Drug manufacturers and health industry leaders have demanded a meeting with health and social care secretary Matt Hancock after warning that the government’s current medicines supply plans will not suffice in the event of a ‘no-deal’ Brexit.
In an open letter to Hancock, dated 30 October 2018, representative bodies including the Association of the British Pharmaceutical Industry, the Brexit Health Alliance, (which includes the Academy of Medical Royal Colleges) and the NHS Confederation said the UK risks “widespread shortages” under the government’s current medicine supply plans.
In August 2018, the government told pharmacists not to stockpile drugs as the government was working with manufacturers to secure six weeks’ worth of medicine stocks.
The open letter said that owing to “the sensitivity of this issue”, the signatories “request that [Matt Hancock should] convene and chair a round table of the key parties to ensure continued public confidence, effective coordination between the NHS and broader healthcare system and its suppliers as soon as possible”.
It added: “Time is very tight. We support you in your efforts to raise the warning level in government.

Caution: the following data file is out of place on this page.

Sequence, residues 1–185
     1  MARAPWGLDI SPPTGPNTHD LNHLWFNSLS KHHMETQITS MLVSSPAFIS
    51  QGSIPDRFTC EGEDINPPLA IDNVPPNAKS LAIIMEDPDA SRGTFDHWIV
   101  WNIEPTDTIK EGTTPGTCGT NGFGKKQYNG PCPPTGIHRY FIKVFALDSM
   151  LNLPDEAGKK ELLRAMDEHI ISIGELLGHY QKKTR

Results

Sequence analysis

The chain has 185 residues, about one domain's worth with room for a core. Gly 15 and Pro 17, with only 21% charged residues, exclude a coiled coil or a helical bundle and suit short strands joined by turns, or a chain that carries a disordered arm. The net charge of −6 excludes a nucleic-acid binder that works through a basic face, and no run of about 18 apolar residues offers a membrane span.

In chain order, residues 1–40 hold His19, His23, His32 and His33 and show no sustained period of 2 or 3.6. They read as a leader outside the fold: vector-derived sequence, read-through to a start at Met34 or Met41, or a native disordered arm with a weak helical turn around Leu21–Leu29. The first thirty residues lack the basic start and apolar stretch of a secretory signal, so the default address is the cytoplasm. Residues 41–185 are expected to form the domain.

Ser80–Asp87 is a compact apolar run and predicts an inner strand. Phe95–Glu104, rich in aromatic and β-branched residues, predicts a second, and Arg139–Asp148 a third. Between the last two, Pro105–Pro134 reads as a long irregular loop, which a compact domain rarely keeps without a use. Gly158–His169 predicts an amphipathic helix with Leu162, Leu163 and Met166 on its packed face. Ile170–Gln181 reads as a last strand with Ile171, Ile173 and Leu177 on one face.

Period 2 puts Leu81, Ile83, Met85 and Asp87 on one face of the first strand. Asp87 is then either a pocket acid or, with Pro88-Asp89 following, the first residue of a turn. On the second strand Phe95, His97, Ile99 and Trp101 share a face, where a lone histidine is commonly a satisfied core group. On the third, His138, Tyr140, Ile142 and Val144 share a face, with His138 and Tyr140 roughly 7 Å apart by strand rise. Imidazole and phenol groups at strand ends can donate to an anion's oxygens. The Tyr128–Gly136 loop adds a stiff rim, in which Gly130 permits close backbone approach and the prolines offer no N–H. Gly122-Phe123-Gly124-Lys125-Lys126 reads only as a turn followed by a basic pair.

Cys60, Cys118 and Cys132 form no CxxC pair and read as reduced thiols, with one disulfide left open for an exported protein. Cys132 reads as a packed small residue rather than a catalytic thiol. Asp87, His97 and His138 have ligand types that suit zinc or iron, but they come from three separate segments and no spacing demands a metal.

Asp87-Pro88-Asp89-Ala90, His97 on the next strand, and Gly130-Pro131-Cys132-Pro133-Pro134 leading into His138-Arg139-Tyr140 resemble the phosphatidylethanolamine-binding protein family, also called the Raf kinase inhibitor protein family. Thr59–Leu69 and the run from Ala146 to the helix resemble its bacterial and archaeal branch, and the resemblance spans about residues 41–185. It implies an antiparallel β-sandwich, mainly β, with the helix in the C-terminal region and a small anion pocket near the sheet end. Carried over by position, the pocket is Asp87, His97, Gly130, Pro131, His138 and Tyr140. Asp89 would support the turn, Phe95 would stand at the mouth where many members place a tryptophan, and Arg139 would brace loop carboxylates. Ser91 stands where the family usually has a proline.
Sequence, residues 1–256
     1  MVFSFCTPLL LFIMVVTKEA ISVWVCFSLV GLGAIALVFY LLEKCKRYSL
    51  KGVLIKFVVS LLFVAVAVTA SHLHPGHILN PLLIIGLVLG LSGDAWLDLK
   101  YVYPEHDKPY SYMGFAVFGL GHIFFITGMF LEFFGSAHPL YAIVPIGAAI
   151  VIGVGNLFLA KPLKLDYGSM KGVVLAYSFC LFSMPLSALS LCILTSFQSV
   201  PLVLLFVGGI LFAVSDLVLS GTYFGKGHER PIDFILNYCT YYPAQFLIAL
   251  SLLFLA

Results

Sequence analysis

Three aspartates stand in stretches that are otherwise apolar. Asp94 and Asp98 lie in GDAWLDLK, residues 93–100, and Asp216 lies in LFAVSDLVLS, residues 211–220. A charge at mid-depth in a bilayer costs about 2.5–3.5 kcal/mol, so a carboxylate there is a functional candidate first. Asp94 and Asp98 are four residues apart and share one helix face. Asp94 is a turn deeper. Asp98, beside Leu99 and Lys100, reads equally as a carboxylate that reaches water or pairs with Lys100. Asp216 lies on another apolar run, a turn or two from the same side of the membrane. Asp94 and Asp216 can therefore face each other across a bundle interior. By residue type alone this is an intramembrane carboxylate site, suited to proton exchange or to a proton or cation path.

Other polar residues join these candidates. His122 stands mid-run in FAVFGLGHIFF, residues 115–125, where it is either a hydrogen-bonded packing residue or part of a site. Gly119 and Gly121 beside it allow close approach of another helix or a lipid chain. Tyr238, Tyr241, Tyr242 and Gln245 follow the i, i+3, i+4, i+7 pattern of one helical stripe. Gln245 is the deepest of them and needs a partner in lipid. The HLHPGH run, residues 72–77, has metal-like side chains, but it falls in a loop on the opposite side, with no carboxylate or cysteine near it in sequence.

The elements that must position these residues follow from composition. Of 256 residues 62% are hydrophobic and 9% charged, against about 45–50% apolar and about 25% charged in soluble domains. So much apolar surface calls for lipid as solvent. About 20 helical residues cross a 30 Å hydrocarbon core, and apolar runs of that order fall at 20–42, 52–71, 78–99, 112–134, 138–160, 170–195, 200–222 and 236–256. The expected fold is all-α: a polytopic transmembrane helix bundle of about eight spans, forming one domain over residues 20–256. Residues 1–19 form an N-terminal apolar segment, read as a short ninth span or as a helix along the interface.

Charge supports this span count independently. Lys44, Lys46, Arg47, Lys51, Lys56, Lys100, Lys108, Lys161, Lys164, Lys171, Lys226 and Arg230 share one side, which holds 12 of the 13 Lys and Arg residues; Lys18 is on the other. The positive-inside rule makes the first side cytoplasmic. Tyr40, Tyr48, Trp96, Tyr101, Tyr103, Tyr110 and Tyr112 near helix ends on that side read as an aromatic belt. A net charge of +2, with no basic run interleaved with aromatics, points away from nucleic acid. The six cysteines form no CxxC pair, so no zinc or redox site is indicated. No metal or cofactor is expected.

“Only when we start to work through options will we all know where we are, but on medicines supply, on what we know and can glean from public information, we think we are at ‘red’.”
The request came as research from health policy think tank the Nuffield Trust, published on 13 November 2018, estimated that a no-deal Brexit will cost the NHS an extra £2.3bn by the end of 2019/2020.
The figure includes an extra £830m spend on unbranded medicines and an extra £920m on branded medicines based on financial modelling by the University of Sussex, which estimates that prices in the “chemicals and pharmaceuticals” sector would rise by 7.5% if the UK left the EU without a deal.
Mark Dayan, policy and public affairs analyst at the Nuffield Trust and author of the research, noted that £2.3bn “is equivalent to the entire annual budget of around six NHS trusts”.
He added: “Unfortunately, a no-deal scenario would also mean less money in the Treasury to bail out the service. The days of indefinite austerity for the health service would be back.”